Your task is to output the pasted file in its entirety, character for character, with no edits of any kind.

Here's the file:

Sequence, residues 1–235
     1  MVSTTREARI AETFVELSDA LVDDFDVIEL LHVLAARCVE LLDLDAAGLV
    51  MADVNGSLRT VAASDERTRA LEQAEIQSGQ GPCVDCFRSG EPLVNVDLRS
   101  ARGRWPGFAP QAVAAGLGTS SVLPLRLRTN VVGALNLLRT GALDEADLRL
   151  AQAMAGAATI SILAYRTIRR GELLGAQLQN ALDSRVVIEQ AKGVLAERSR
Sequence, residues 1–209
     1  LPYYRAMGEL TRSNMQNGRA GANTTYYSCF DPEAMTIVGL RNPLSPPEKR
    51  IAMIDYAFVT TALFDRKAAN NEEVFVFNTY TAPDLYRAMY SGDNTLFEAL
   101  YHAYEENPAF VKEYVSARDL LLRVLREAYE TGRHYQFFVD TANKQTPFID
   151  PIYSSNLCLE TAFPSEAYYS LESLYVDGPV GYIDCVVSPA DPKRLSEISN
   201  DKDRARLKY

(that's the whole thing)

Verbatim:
Sequence, residues 1–235
     1  MVSTTREARI AETFVELSDA LVDDFDVIEL LHVLAARCVE LLDLDAAGLV
    51  MADVNGSLRT VAASDERTRA LEQAEIQSGQ GPCVDCFRSG EPLVNVDLRS
   101  ARGRWPGFAP QAVAAGLGTS SVLPLRLRTN VVGALNLLRT GALDEADLRL
   151  AQAMAGAATI SILAYRTIRR GELLGAQLQN ALDSRVVIEQ AKGVLAERSR
Sequence, residues 1–209
     1  LPYYRAMGEL TRSNMQNGRA GANTTYYSCF DPEAMTIVGL RNPLSPPEKR
    51  IAMIDYAFVT TALFDRKAAN NEEVFVFNTY TAPDLYRAMY SGDNTLFEAL
   101  YHAYEENPAF VKEYVSARDL LLRVLREAYE TGRHYQFFVD TANKQTPFID
   151  PIYSSNLCLE TAFPSEAYYS LESLYVDGPV GYIDCVVSPA DPKRLSEISN
   201  DKDRARLKY